WASHINGTON, D.C. November 4, 2019 – Today, the U.S. Environmental Protection Agency proposed a new rule that would drastically weaken public health and safety protections from water pollution produced by coal-fired power plants.

Part of the Trump administration’s ongoing efforts to roll back environmental protections, the proposed rule would would allow utilities to continue to use cheaper, less effective treatment methods on polluted wastewater from coal plants dumped into lakes, rivers and streams, even though such wastewater is by far the largest source of toxic water pollution in the United States.

A second proposal — which would delay the closure and cleanup of hundreds of leaking, toxic coal ash ponds around the nation is expected to be proposed imminently.

Like other polluters, coal plants are supposed to use the most modern and effective pollution control technology available before discharging toxic wastewater. Earthjustice recently won a lawsuit confirming EPA’s duty to strengthen limits on toxic wastewater from these plants.

Following is a statement from Thom Cmar, Deputy Managing Attorney of the Earthjustice Coal Program:

“With this dangerous new proposal, the Trump administration has made explicit what has been obvious from day one: Industry profits are more important to the administration than people’s health or clean water. These rules are supposed to safeguard our water from toxic pollution, but the laundry list of loopholes proposed by the Trump EPA threatens to completely undo the protections.

“It is outrageous that Trump’s team is so beholden to polluters that they are willing to let power plants continue to dump lead, mercury, chromium and other dangerous chemicals into our water supply to preserve every last cent of their profits.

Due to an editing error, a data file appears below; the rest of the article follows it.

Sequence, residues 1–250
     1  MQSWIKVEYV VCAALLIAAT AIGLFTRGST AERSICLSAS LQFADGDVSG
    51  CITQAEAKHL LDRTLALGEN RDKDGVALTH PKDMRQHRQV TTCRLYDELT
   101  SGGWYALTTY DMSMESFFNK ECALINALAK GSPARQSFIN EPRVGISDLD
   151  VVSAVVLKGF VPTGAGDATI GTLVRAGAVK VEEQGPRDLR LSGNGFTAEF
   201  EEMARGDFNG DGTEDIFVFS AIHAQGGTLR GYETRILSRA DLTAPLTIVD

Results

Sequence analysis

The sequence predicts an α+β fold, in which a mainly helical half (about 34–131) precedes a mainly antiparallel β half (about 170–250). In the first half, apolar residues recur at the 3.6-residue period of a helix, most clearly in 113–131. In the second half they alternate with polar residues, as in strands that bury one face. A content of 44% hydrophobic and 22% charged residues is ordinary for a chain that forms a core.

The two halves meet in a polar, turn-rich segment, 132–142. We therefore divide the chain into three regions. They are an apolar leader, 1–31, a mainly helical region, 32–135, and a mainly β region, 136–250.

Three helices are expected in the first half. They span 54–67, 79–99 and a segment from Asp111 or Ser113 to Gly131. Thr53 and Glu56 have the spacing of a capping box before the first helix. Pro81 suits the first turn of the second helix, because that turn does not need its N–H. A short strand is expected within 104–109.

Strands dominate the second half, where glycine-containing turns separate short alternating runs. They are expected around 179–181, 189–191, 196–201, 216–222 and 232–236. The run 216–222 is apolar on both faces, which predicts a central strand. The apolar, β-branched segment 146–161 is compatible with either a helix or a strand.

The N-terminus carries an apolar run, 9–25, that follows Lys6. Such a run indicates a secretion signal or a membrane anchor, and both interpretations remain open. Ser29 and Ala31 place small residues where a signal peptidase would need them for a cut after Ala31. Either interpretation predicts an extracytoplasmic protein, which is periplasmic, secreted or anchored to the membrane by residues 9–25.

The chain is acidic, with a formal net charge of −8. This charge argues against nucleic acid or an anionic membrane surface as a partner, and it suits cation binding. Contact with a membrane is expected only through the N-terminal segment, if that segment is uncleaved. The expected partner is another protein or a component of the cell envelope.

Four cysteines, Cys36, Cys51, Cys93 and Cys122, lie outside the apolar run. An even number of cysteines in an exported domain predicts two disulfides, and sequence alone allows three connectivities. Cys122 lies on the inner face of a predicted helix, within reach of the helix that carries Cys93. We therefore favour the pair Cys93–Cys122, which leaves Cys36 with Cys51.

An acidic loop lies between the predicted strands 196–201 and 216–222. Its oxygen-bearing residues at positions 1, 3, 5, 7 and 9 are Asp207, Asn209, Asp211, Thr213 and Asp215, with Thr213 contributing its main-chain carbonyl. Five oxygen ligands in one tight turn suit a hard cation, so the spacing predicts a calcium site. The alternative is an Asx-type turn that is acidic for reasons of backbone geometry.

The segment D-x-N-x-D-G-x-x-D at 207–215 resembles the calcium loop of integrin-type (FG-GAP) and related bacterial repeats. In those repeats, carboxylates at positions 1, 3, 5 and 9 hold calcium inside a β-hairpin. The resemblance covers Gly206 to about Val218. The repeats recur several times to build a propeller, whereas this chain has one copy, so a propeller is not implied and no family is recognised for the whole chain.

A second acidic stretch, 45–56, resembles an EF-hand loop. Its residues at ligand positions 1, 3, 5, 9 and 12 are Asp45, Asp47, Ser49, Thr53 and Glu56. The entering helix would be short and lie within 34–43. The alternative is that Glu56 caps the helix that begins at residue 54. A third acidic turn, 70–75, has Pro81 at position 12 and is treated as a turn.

“If it weren’t for the reckless rollbacks under Donald Trump, there would be no more toxic chemicals being added today to ponds across the U.S. that are leaking poison into our water. Earthjustice and our partners will fight this every step of the way.”



Proposed Rule Would Allow Utilities To Continue To Use Outdated, Ineffective Water Treatment

The Trump Administration is proposing to weaken wastewater treatment standards for coal-fired power plants set by a 2015 rule that was issued after Earthjustice and our partners sued the Obama administration to force those standards to be updated for the first time in 30 years.

The 2015 rule requires power plants to being using modern, affordable wastewater treatment technologies that are already widely used in other industries. EPA found that these long-overdue improvements would prevent 1.4 billion pounds of pollutants from entering U.S. waters each year and provide between $451 million and $566 million per year in public health and environmental benefits.

As a report released by Earthjustice and our partners in 2013, Closing the Floodgates: How the Coal Industry Is Poisoning Our Water and How We Can Stop It, found:

  • Coal plants have become by far the largest source of toxic water pollution in the country, based on toxicity, because there had been no effective pollution limits on coal plant wastewater.
  • Most coal plants had no limits on toxins commonly found in their wastewater discharges such as arsenic, boron, cadmium, lead, mercury and selenium.